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Language Development in Middle Childhood

By — Pearson Allyn Bacon Prentice Hall
Updated on Jul 20, 2010

The foundation of language development is established during the preschool and early elementary school years. School-age children, however, continue to refine their language skills in several domains. For example, their understanding of word meaning, or semantic development, continues throughout middle childhood. A first grader may know the meaning of 8,000 to 14,000 words, but a high-schooler knows 80,000 words (Owens, 1996). These numbers are equivalent to the acquisition of 6,200 words per year between first grade and graduating from high school. The understanding that words have multiple meanings also increases. This more complex understanding of word use may be attributed, in part, to cognitive development.

With the advancement of cognition children become better communicators and possess a more sophisticated sense of humor. A related advancement is that school-age children also begin to comprehend the use of idioms, such as “Who let the cat out of the bag?” Research shows that the comprehension of multiple word use, idioms, and forms of sarcasm may not occur until adolescence (Bloom, 1998). Semantic development in middle childhood seems to rely heavily on the context of the conversation and children’s ability to figure out the meaning of a word or phrase by what another person intended to say, rather than a literal interpretation of word choice (Baumann, Font, Edwards, & Boland, 2005; Cain, Oakhill, & Elbro, 2003).

Syntax development, or grammatical understanding and construction, expands during middle childhood. Children begin to understand the difference between active and passive voice (O’Grady, 1997). If given a toy car and truck and asked to show the experimenter “the car hit the truck” and “the car was hit by the truck,” a 10-year-old is more likely than a 6-year-old to play out the scene of both statements correctly. The older child will listen to the meaning of the statements rather than automatically link the action of the verb to the nearest noun. Older children also begin to understand and use more sophisticated syntactical rules, such as the correct use of subject-verb and noun-pronoun agreement, correct uses of that and which to introduce subordinate clauses, and the proper use of punctuation such as colons and semicolons. During middle childhood, children also begin to learn how to use the articles a and the correctly as well as understand connectives, such as but, although, yet, however, and unless (Vion & Colas, 2004).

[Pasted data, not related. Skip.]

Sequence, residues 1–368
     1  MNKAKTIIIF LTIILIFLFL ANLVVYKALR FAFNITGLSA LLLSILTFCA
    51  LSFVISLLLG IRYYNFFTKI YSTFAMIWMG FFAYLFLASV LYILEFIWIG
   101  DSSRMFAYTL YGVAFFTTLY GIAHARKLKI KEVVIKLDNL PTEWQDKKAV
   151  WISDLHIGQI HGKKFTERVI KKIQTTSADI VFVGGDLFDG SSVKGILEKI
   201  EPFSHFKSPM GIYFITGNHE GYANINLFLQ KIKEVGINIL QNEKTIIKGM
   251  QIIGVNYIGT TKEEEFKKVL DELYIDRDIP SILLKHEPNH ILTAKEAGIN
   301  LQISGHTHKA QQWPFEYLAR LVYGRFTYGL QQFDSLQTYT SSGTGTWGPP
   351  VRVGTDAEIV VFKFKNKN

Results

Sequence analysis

Middle childhood is also the period in which children improve on the pragma-tics of language, or the social etiquette of language. For example, school-age children become better at maintaining and contributing to a conversation by asking questions and adding information. Between ages 5 and 9, children become better at shading, or changing the topic during a conversation. They do so more gradually and tactfully than younger children. This results from an increasing awareness of the needs of the listener. As children move through middle childhood they become more aware of when they are misunderstood and do a better job of clarifying their meaning by changing or adding words to their sentences (Ninio & Snow, 1996).

Compared to preschool and early elementary schoolchildren, children from 6 to 12 years of age are more effective communicators, use more complex grammatical constructions, and are more aware of their role as a listener and communicator within multiple contexts. Greater diversity among language skills in older children results largely from environmental factors. Children with larger vocabularies, more complex grammar, and social language manners have been shown to come from homes with two parents and parents with higher educational backgrounds and income levels. They also converse with their parents more often and have more positive speech interactions with them (Hoff & Tian, 2005; Weigel, Martin, & Bennett, 2005). The differences in language development influenced by these factors are evident by kindergarten and remain stable through adolescence (Farkas & Beron, 2004).

One’s cultural background has been shown to influence language development as well. In the development of pragmatics, for example, American children often argue with their older siblings and sometimes speak to them with disrespect. In contrast, children from Japan are expected to speak to elders, which includes older siblings, with respect at all times. In Western societies children are expected to speak up and ask questions when they have them. But Mexican American and Southeast Asian communities, as well as some African American communities from the Southeast, teach children to engage in conversation with an adult only when the adult initiates the conversation (Grant & Gomez, 2001). Thus, vocabulary, grammar use, and pragmatics are influenced by the language culture that surrounds the child. Children’s language development will affect their ability to learn in school and converse with others (Craig & Washington, 2004; Gonzalez, 2005).

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